breast cancer

A new discovery of how hormone receptors interact in breast cancer cells could lead to new treatment methods that improve outcomes for many patients.

A study published in the journal Nature has reported on a discovery of how the progesterone receptor interacts with the estrogen receptor in breast cancer cells. This interaction results in a change in behaviour of the cancer cells, which slows tumor growth. The researchers suggest that the results of this study provides the basis for a clinical trial to assess whether adding progesterone to current estrogen receptor-targeted breast cancer therapy can improve outcomes for patients with breast cancer. Considering that progesterone is relatively inexpensive, safe, and widely available, the researchers suggest that adding it to treatment schedules may increase the effectiveness of current treatments in approximately 50% of breast cancer patients. Further research is necessary to determine whether this will turn out to be a new method to treat breast cancer.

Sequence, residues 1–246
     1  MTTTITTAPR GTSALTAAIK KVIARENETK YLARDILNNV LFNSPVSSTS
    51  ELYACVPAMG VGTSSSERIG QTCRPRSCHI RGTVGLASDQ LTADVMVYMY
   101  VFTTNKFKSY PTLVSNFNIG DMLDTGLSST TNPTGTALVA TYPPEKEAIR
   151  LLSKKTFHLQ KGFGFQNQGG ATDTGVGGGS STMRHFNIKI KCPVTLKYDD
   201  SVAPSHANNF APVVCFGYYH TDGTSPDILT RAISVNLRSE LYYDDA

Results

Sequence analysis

Cancer Research UK Press Release “Common hormone could help treat breast cancer” Available from: Last Accessed: July 11, 2015.

Mohammed, H, Russell, I.A, Stark, R, Rueda, O.M, Hickey, T.E, Tarulli, G.A, Serandour, A.A.A, Birrell, S.N, Bruna, A, Saadi, A, Menon, S, Hadfield, J, Pugh, M, Raj, G.V, Brown, G.D, D’Santos, C, Robinson, J.L.L, Silva, G, Launchbury, R, Perou, C.M, Stingl, J, Caldas, C, Tilley, W.D, & Carroll, J.S. “Progesterone receptor modulates ERα action in breast cancer” Nature, Published online: 8 July 2015. doi:10.1038/nature14583

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Written by Deborah Tallarigo, PhD

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